To process H-frames, which are usually with high quality, we only make use of spatial redundancy and the related side-info for in-loop filter of the corresponding reconstructed frames. The overall architecture of our PR-CNN is shown in Fig. 3(a). It has two branches: the main brunch, i.e. the PR-CNN baseline network without MM-CU maps, and side-info feature extractor (SIFE). We will illustrate their architectures in details.

Fig. 3: (a) The architecture of the Progressive Rethinking Convolutional Neural Network. The network takes the unfiltered frame as the input and it generates the filtered output frame. The feature maps extracted from the side-info by SIFE are added to data flow during the processing. (b) The structure of Progressive Rethinking Block. (c) The architecture of Side Information Feature Extractor.

1) Architecture of Main Branch of PR-CNN

PR-CNN takes the unfiltered frame and MM-CU maps as its input. is fed to the main brunch, and MM-CU maps are first fed into SIFE and then fused to the main brunch. PR-CNN can be roughly divided into 3 parts: Low-Level Feature Extractor (LFE), High-Level Feature Extractor (HFE) with MM-CU Fusion and Reconstruction Sub-Network.

Low-Level Feature Extractor.

The input frame is first fed into a Low-level Feature Extractor for low-level feature extraction. The LFE consists of two convolutional layers. The corresponding process is formulated denoted as

:

(5)

where is the generated feature maps.

High-Level Feature Extractor with MM-CU Fusion. is further feed-forwarded into sequential PRBs, namely High-level Feature Extractor. It is noted that, each PRB indeed needs two inputs: and as shown in Eqn. (4). We initially set . After a certain number of PRBs, we fuse the feature maps of a Mean value of CU (M-CU) into the main brunch by element-wise addition. We use to denote feature map of the k-th M-CU, and it is inserted to the main branch after the -th PRB. The process is denoted as follows,

(6)

Reconstruction Sub-network. After PRBs, we concatenate all feature maps together and use a 11 convolutional layer denoted as to compress them as follows:

(7)

We then append a global residual connection from the first convolutional layer to the last one as follows,

(8)

Finally, we construct the output by a 33 convolutional layer denoted as :

(9)

[width=80mm]img/partition-tree.pdf

(a) Partition Tree

[width=80mm]img/MM-CU.pdf

(b) Multi-Scale Mean value of CU
Fig. 4: (a) A partition tree generated by the codec. We calculate the mean value of each CU at different levels as the side-info maps. (b) The visualized results of side-info maps of different scales.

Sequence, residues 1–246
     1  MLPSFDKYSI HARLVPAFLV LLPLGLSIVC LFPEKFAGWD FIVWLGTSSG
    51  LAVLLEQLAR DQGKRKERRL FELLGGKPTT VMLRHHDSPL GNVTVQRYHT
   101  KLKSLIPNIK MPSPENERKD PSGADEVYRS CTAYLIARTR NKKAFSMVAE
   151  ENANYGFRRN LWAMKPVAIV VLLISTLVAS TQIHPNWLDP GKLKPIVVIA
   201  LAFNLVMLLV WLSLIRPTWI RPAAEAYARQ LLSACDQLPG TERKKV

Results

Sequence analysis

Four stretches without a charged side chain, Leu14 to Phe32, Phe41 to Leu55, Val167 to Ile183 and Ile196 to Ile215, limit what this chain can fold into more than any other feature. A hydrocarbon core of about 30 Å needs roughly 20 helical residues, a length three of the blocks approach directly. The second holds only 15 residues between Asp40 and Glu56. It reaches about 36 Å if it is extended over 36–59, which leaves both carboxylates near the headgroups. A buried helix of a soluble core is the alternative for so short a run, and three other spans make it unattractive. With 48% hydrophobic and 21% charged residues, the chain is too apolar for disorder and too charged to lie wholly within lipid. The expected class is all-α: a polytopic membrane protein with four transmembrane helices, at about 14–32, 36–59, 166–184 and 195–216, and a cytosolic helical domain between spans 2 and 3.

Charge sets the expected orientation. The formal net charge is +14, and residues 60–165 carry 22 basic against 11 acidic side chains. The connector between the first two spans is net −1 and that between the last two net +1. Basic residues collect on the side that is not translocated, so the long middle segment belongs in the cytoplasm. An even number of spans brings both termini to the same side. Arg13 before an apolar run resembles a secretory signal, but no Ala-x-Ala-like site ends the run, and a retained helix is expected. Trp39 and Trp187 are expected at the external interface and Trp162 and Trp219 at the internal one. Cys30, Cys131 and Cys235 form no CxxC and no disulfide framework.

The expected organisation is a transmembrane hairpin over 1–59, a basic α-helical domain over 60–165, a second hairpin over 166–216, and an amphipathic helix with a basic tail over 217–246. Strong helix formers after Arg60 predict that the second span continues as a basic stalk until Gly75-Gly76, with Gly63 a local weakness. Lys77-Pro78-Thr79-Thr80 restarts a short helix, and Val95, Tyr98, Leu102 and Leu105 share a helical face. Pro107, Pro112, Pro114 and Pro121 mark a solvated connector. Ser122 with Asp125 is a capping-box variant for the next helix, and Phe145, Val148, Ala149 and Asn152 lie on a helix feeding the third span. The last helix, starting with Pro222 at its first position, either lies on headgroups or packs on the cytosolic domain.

2) MM-CU Generation and Fusion

In addition to only utilizing the frame information, we further fuse intra-frame side-info extracted from the HEVC codec into our network. As HEVC encodes a frame at the CU level independently with different coding parameters, the partition information contains a lot of extra important side-info which is beneficial for in-loop filter.

MM-CU Generation. Different from only generating M-CU at the bottom layer (leaf node of the partition tree) of the quadtree [10], we also extract M-CU in the intermediate layers (every node of the partition tree). Namely, we calculate the mean value of a CU every time a partition happens. Consequently, the side-info includes the information related to the entire coding partition architecture, and therefore guides the network to remove the coding artifacts from coarse to fine.

We calculate the mean value of each CU at different levels from coarse to fine to derive the corresponding side-info maps. As shown in Fig. 4(b), blocks in the yellow dotted box are four CTUs and their corresponding M-CU side-info maps, and the coarsest ones are surrounded by a yellow border. Then, every time the CUs are divided into four smaller CUs, we recursively calculate the mean value of each partitioned CU. If the CU is not divided, we keep its side-info value the same as that at the upper level, namely that the side-info value of that CU is unchanged. The recursive process stops when the CU cannot be partitioned anymore. Finally, the multi-scale M-CU side-info maps, MM-CUs, are obtained.

MM-CU Fusion. The information of MM-CU is first transformed into the feature map, and then injected into different layers of the main branch. The feature of each M-CU is extracted by a simple shallow CNN named Side-Info Feature Extractor (SIFE), whose structure is shown in Fig. 3(c). The M-CU first goes through a convolutional layer and two stacked PRBs. After that, a residual connection is added. At last, a convolutional layer generates the final output feature map of the M-CU. It is intuitive that, the information of finer M-CU maps reflects local details of the coding architecture more while that of coarser ones contains more global coding structure information. Thus, we inject coarser M-CU maps to the main branch in deeper layers so that the global information can play a more important role in guiding the network training when larger areas are perceived in deeper layers. We choose the element-wise addition as the fusion operation.